Yesterday, cabinet members at Conservative-led Derbyshire County Council have approved £12.3million cuts to services during 2018-19. Here we take a look at what are likely to be the most controversial savings...
The county council intends to cut a total of £5,015,000 from its adult care department over the next year.
It is proposed that £3million will be saved by looking at 'demand management'. What does that mean? The council's 2018-19 budget report states: "Currently a high proportion of people who contact, or are referred to adult care, become clients. The proposal is to review the council’s approach and look at further ways of promoting people's independence and improving the ways the council signposts people to other services and support in their communities. This will include more targeted information and increasing support to carers."
Learning disability services are set to lose £500,000. According to the budget report: "By working more closely with health services, streamlining assessment processes and matching clients more effectively with support, including with less traditional services, savings are expected to be made. This will require a radical change in the way health and social care work together to create a fully integrated approach, especially for people with the most complex needs."
There are likely to be reassessments for people currently accessing day care services and, where appropriate, they will be offered alternatives like luncheon clubs, befriending services, social activities or outings - saving £200,000.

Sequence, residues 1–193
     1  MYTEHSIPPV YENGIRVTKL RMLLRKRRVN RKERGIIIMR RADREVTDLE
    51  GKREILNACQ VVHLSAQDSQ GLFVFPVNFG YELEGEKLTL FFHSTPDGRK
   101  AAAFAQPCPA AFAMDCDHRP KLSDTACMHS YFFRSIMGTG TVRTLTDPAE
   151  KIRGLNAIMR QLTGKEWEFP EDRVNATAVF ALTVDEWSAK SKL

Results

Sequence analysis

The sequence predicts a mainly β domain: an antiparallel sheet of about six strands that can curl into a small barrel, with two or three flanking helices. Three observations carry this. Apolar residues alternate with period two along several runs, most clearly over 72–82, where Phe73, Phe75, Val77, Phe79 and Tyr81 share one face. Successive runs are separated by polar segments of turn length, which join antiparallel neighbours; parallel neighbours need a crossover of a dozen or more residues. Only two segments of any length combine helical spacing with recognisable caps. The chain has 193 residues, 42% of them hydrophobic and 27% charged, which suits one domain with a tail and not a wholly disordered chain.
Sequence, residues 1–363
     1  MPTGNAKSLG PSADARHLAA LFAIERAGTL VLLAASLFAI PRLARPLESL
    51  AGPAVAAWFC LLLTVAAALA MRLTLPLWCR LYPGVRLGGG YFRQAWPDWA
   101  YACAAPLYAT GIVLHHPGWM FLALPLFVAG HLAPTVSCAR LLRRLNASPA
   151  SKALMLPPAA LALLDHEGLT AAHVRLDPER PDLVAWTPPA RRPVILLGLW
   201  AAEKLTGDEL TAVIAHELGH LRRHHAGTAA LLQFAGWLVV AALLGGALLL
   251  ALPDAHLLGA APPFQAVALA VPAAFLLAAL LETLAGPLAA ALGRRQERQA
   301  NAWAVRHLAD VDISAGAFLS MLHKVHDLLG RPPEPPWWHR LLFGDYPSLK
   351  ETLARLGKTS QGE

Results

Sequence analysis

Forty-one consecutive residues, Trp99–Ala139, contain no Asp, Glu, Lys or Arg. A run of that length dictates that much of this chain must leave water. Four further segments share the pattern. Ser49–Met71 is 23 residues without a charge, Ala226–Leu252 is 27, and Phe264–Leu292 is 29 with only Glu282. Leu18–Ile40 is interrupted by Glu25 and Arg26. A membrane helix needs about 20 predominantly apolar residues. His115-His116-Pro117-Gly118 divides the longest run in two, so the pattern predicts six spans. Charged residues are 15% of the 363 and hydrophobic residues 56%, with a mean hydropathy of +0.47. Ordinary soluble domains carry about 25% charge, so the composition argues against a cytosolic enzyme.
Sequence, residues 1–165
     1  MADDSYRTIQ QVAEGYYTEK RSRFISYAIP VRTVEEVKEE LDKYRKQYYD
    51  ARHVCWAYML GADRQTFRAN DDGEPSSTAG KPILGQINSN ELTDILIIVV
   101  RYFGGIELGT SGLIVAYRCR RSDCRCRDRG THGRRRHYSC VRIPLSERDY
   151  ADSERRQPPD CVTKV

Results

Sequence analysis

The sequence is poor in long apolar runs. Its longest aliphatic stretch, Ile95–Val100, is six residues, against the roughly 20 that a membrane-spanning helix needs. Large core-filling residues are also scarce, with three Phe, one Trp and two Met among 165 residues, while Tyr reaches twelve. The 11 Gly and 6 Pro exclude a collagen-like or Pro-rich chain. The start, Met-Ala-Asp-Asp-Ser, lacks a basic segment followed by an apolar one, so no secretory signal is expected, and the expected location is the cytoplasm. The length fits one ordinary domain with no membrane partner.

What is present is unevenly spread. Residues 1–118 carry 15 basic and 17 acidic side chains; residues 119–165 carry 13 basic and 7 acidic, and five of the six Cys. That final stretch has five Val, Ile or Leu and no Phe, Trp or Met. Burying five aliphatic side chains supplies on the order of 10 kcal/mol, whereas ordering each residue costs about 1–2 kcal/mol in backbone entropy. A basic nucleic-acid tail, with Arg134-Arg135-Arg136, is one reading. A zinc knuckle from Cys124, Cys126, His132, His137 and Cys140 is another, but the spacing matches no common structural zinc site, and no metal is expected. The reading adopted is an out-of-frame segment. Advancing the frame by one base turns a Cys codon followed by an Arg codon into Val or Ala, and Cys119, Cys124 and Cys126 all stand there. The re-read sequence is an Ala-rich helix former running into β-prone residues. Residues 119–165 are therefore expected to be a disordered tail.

The children's services department is poised to lose a total of £2,946,000 between 2018-19.
The budget report says: "The council, in conjunction with its partnership agencies, will undertake a major review of early help provision for vulnerable children and their families. The partnership will explore opportunities to share services and avoid duplication and reduce costs." This would save £300,000.
Teenagers' services are likely to lose £240,000 while special educational needs and disabilities' services face a £389,000 reduction - but the budget report states Government grants would help fund the latter.
Economy, transport and environment
The council aims to cut a total of £2,865,000 from the economy, transport and environment department over the next year.
School crossing patrol services are to be reviewed again in a bid to save £300,000. "The council will work with schools and communities to look for alternative sources of funding," according to the budget report.
Existing gritting routes may be reviewed as part of a plan to save £500,000 in winter maintenance. The budget report says: "The council will save money through reducing the cost of vehicles and other overheads."
The budget report states there will be a £400,000 cut in road safety activity but the council will 'continue to work with partners to improve road safety'.
Commissioning, communities and policy
The commissioning, communities and policy department faces losing a total of £1,515,000 during 2018-19.
It is planned that £490,000 will be saved through a reduction in property running costs and maintenance. According to the budget report: "This will lead to a move to reactive rather than planned maintenance and an overall deterioration in the condition of council buildings, such as offices, libraries, homes for older people and children’s centres."
According to the budget report, the council aims to save £420,000 by employing fewer people in communications, IT, HR, finance, property, policy, trading standards, legal and democratic services and health and community services. "This will be achieved by not replacing people who leave and by carrying out restructuring to make the most of its reducing resources,” the budget report says.